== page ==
The Busier the Better?

PlannerSomething has come up repeatedly in this week’s prayer. I wonder if it’s something that might resonate with you, too.

A bit of context: we’ve spent a great deal of time talking about presence in our Lenten small group. Are we present enough to those around us? Do we pause in our days to recognize God at work? Do we rush past the beauty of the world around us?

Last week, someone said something to the effect of: “We hold onto our busyness as a badge of honor.” And that stuck with me.

Because I am wonderfully guilty of exactly that.

So, this past week that statement has continued to rise up in my prayer. Yes, I say to myself. I do hold onto busyness as some marker of value, of contribution to society, of justification as to why I do this or don’t do that.

Right now I’m in grad school and I work a full time job and hang out with friends and spend time with my wife and my extended family. I write papers and bounce around ideas and write this blog. And at the end of the day—sometimes 9:30 PM, sometimes 2:30 AM—I fall asleep thinking, “Man, I earned this sleep.”

But what is that really pointing to? Sure, all these things are good things—we wouldn’t hang them on our busyness badge if they weren’t. Of course our busy days are full of work and volunteering and running from one coffee date to the next. That’s why busyness is a badge of honor: we’re so busy doing good. And that’s how we earn our good night sleep; that’s how we earn our place among our friends and colleagues and society.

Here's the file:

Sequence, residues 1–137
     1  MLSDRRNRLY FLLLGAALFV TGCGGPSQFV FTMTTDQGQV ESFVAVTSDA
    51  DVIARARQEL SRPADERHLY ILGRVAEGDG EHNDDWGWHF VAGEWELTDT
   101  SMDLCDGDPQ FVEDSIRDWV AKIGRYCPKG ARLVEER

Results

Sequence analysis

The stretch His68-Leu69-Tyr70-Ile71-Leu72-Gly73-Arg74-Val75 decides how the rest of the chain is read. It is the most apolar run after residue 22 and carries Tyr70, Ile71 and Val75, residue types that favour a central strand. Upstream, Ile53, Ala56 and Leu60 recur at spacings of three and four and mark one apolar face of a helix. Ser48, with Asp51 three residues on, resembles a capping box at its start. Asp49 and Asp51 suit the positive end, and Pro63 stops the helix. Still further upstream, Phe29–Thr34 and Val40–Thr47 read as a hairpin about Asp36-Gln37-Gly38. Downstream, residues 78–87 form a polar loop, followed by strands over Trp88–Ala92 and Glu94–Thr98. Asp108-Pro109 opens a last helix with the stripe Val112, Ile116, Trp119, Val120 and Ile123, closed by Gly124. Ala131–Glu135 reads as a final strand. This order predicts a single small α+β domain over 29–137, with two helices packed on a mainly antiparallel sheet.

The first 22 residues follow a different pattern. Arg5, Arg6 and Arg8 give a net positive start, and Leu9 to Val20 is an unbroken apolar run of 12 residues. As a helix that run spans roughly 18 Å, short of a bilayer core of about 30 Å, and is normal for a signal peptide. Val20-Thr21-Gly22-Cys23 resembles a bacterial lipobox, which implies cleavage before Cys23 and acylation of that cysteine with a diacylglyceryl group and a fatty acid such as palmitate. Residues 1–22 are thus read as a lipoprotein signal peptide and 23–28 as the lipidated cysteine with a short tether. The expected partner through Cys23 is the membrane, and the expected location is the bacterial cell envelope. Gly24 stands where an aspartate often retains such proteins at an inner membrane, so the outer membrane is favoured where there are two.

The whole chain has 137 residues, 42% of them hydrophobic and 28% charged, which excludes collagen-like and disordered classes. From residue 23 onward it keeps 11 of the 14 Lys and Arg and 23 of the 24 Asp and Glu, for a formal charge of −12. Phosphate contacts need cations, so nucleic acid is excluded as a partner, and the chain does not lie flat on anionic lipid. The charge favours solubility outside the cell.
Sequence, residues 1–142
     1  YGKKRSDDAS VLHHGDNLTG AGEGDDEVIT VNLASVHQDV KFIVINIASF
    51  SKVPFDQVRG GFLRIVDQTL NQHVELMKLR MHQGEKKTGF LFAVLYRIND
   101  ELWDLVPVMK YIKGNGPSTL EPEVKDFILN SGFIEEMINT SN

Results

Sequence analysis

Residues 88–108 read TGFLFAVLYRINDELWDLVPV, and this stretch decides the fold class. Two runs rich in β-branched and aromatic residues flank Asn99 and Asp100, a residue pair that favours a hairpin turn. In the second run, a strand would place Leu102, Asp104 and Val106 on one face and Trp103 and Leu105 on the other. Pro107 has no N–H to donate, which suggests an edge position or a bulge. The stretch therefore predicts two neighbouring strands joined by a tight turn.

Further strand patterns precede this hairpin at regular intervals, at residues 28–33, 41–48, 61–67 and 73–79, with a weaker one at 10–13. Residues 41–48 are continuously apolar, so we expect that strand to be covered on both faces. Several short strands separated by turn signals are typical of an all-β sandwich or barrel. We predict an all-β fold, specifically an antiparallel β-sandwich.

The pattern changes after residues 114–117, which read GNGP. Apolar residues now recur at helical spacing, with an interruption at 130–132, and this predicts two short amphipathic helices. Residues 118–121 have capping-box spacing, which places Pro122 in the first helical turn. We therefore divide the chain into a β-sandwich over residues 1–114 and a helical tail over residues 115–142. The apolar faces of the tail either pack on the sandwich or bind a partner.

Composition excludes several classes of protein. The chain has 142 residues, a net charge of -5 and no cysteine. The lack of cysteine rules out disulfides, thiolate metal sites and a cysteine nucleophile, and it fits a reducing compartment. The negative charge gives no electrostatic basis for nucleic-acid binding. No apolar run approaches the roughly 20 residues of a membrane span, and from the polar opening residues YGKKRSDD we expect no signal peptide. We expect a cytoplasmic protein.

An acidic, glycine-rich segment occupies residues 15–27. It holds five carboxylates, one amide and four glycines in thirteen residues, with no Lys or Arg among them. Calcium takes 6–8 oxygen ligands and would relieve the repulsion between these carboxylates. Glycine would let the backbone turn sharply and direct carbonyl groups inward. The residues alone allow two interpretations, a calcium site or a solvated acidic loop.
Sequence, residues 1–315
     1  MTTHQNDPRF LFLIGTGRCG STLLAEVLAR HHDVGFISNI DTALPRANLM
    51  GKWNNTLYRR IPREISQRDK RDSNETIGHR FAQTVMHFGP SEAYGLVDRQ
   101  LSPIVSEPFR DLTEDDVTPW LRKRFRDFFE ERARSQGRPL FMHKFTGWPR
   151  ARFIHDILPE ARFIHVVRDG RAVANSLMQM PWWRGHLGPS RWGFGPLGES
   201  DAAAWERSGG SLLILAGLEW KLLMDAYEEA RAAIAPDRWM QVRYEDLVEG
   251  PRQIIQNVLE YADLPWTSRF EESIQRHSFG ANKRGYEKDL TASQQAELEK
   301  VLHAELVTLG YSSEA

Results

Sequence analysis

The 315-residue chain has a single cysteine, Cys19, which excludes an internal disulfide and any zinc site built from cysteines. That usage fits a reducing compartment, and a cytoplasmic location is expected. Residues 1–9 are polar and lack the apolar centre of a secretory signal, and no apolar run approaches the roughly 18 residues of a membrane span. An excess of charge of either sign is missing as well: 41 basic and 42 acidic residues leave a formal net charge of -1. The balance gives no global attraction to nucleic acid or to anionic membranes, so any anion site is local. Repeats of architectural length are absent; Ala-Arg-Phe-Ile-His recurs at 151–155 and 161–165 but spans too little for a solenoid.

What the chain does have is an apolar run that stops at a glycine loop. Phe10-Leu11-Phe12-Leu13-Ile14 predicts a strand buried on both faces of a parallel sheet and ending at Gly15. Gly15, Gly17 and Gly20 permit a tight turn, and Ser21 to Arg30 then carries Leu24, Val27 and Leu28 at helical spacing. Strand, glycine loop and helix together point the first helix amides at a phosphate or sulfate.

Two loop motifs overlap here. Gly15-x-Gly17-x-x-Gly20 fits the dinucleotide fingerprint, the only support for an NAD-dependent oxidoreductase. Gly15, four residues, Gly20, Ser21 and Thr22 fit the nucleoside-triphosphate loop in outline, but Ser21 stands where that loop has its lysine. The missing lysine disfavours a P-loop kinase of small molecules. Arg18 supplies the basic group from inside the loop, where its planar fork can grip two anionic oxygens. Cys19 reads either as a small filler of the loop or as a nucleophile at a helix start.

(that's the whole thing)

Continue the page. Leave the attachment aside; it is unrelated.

And how guilty I feel when I’m not busy. There must be something I should be doing. Those days before grad school—surely, that was a time—I felt so incomplete; I needed to be more. So many people around me juggled this and that; why shouldn’t I? I must be lesser; I must not measure up to their impeccable time management skills, their desire to give so much of themselves.

Is that a healthy way of proceeding? Perhaps not.

But my week of reflection has posed a new question: what if instead of our badge of honor hinging on being busy, it lifted up exactly the opposite? When friends, family and colleagues ask after your schedule, instead of saying, “I’m so busy,” and feeling some odd sense of satisfaction, what if the response was, “I am wide open; my schedule is clear.”

Does that sound weird to anyone else? Does that not inflict some sense of guilt? I know it does in me, and so perhaps that points to an important challenge.

I’d like to say these last few days of Lent will be an opportunity to tackle that challenge head-on, but I’ll be quite honest: I’m just too busy. But I will say this: I’ll keep that challenge in mind as I continue to process all that my Lenten prayer has revealed.

And I wonder if you, too, will recall your own Lenten challenges as we look ahead to the days of Easter.

 

Eric Clayton

Eric Clayton works at Catholic Relief Services as part of the U.S. Church Engagement Division. He holds an MA in international media from American University and a BA in international studies and creative writing from Fairfield University. He currently lives in Baltimore with his wife and hedgehog.